Shortfin Mako Sharks (Isurus oxyrinchus). Credit: Mark Conlin, SWFSC Large Pelagics Program. [Public Domain]

Mako Shark Evolution
General Overview

These are sample early mako shark teeth - Isurolamna inflata - from the Paleocene Aquia formation. The fossils and photos are used by permission of Bill Heim.

Due to the nature of mainly isolated teeth being found and a wide range of tooth morphology in mako sharks, research on mako shark evolution appears to be convoluted and incomplete. A detailed account of Mako shark evolution is beyond the scope of this page. The section below gives a very general overview of Mako shark evolution.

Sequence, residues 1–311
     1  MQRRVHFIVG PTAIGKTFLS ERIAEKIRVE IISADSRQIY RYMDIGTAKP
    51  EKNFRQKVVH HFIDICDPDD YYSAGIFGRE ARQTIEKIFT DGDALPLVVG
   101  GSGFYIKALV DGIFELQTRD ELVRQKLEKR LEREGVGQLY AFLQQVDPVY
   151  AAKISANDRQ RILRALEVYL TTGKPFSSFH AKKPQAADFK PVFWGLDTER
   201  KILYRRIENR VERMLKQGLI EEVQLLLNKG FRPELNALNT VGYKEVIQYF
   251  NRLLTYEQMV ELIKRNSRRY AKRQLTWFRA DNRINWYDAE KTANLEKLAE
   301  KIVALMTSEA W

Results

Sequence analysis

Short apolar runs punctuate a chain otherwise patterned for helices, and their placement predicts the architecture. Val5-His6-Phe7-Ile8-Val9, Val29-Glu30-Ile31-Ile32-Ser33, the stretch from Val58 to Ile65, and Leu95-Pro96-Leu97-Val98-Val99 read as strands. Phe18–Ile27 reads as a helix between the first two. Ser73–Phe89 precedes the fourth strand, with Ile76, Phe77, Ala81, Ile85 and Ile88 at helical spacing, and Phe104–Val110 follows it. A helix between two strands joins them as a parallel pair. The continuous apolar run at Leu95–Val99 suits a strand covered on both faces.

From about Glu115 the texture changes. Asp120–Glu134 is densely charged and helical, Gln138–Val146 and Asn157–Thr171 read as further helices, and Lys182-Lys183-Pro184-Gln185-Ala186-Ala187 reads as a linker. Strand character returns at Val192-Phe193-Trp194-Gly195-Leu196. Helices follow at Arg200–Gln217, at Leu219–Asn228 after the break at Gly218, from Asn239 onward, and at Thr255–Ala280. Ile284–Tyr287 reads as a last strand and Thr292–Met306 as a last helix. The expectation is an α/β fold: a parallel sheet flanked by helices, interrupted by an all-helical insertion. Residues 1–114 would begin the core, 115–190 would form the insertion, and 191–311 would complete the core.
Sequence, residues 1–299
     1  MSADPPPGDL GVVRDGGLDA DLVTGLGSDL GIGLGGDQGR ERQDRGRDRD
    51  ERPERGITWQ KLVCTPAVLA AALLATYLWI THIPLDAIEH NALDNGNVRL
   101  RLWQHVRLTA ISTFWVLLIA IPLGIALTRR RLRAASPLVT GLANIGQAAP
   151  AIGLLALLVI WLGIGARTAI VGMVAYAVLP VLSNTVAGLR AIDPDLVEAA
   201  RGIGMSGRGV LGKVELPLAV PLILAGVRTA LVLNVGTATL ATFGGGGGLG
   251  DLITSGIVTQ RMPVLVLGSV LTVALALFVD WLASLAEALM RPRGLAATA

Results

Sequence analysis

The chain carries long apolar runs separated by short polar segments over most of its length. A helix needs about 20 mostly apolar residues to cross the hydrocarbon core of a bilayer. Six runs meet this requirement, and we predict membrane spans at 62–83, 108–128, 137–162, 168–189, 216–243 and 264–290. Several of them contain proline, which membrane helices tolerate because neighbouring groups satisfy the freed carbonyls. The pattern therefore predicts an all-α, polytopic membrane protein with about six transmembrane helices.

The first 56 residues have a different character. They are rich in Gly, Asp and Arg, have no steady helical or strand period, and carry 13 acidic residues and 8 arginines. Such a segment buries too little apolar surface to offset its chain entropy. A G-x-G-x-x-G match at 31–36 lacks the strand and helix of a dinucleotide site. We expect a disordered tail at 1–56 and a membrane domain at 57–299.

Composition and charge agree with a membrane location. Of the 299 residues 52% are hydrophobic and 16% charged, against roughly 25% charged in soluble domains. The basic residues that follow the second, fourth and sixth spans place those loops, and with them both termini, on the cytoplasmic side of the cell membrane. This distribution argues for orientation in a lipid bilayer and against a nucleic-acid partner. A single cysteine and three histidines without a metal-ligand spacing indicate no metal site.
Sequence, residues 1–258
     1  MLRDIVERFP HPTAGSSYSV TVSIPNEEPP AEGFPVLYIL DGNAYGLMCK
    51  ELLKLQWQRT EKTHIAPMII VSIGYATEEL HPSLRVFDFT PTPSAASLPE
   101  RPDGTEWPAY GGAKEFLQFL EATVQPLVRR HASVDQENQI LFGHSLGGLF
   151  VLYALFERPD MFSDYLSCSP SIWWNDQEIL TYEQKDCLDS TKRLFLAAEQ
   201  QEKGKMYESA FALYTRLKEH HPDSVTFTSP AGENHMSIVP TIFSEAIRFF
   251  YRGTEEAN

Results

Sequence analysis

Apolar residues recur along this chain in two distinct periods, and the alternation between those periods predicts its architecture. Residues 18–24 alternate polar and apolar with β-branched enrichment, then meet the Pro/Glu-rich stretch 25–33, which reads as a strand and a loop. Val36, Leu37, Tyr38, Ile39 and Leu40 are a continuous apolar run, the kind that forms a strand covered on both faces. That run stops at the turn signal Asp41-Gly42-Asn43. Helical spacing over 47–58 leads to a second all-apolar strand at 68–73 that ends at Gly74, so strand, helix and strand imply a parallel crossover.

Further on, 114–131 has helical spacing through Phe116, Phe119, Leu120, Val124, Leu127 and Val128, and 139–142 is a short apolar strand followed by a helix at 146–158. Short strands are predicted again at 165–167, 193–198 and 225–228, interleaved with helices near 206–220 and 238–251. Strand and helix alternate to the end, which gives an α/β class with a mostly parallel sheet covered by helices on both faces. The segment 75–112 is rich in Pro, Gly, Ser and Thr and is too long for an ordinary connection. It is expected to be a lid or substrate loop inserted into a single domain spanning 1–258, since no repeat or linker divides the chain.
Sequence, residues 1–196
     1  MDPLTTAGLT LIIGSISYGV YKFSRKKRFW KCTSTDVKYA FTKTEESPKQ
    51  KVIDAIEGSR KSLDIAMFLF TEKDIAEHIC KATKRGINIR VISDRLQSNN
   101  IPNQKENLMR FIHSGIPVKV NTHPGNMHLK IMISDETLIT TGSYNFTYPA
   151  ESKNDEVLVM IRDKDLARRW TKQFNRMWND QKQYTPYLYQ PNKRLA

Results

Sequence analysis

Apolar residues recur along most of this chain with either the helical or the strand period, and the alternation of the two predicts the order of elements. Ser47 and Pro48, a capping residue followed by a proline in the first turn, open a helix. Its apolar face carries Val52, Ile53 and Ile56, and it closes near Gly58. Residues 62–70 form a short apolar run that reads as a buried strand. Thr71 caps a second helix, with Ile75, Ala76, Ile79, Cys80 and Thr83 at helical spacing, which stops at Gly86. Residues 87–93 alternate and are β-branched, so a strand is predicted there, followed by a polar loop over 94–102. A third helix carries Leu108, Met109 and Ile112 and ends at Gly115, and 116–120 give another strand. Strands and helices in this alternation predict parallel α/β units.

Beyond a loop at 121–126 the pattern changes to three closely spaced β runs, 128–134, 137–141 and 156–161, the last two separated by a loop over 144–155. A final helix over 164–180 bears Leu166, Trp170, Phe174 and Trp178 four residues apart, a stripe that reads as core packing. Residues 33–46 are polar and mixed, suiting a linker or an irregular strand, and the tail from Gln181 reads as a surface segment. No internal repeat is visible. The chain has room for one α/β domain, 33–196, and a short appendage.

Mako sharks first appear in the fossil record as the genus Isurolamna in the Paleocene possibly around 60 million years ago. In the Eocene, around 55 million years ago, the Isurus praecurser (Macrorhizodus praecursor) genus branches from the makos. This "Macrorhizodus" genus continues to diversify throughout the fossil record. The teeth broaden over time and eventually branch into the White Sharks (Cosmopolitodus and Carcharodon). To learn about White Shark Evolution, head to the Prehistoric White Shark Page.

Some time in the late Oligocene, modern looking forms of mako sharks appear. By the Miocene, there are at least two species of Mako sharks:

Isurus oxyrinchus aka Isurus desori (Shortfin Mako)

Isurus paucus aka Isurus retroflexus (Longfin Mako)